Tasting Iterations 3 & 4

After the last debacle with my efforts of comparing the different versions of this recipe side by side, I was a little leery when I poured two more pints. After all, Iteration 3 had been subject to the same methods and stored in the same conditions as the now-cidery Iterations 1 and 2. Although I feel (unfortunately) confident that Iteration 3 will go the way of 1 and 2, I was relieved to find that it had not yet had the time for oxygen to take its toll.



The differences between versions 3 and 4 of this recipe were solely in regards to the malt:

  • Iteration 3 had 0.25 lbs. more malt total than Iteration 4.
  • The base malt differences looked like this:
    • Iteration 3 had 10.25 lbs. 2-row
    • Iteration 4 had 9 lbs. 2-row and 1 lb. Dark Munich
  • Iteration 4 had 0.5 lbs. more Crystal 120 than Iteration 3.
  • Iteration 3 was 0.8% higher in alcohol than Iteration 4 due to differences a 4-point difference in OG (1.056 and 1.052, respectively) and a 2-point difference in FG (1.008 and 1.010, respectively).



Both beers were red in appearance, but Iteration 4 was more of a copper/amber hue than the deep red of Iteration 3. Iteration 4 was also notably brighter.

The difference in head was a striking one. Iteration 3 had an impressive head with excellent retention, while Iteration 4’s head was lackluster at best and dissipated quickly.




The aroma of Iteration 3 was one of citrus, floral, and cherry. Overall, I was pleased with the hop presence in a beer now two months old. The cherry, however, was more of a red cherry flavor than the black cherry flavor I am looking for.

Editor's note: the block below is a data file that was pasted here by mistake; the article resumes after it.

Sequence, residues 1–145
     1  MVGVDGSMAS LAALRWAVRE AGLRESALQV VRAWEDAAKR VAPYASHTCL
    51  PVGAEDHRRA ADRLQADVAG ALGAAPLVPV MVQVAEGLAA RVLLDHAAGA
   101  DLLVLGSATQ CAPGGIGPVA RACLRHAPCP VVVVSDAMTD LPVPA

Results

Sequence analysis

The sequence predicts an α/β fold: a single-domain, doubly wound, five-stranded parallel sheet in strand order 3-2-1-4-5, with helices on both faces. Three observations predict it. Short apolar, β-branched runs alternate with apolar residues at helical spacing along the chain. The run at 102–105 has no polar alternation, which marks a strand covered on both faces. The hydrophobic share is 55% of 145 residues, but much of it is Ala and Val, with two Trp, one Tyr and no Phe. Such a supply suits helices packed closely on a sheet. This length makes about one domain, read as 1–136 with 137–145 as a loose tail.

Iteration 4 had the same familiar citrus and floral aroma that I’ve become accustomed to with this hop profile, but it also had a hint of plum.



Iteration 3 hit my tongue with a blast of raisin. I did get other flavors in addition to the raisin, but I want to preface them with the fact that the raisin was very prominent and truly overshadowed the rest of the flavors. That said, I did also taste a floral note, and the end was one of citrus with a lingering bitterness.

Iteration 4 had a big citrus flavor that came through prominently in the way that I would hope from a red IPA. The hops also yielded some floral notes. The malt character was rich and bready. The richness was quite nice, but perhaps a bit distracting from the plum note that I would like to be more prominent.


Final Thoughts

Overall, Iteration 4 is the better beer (which continues to give me hope that I’m improving as I continue adjusting this recipe). It has more of the flavors I want coming through with less malt covering up the hops. However, the breadiness could stand to be toned down, hopefully allowing the dark fruit character to shine through.


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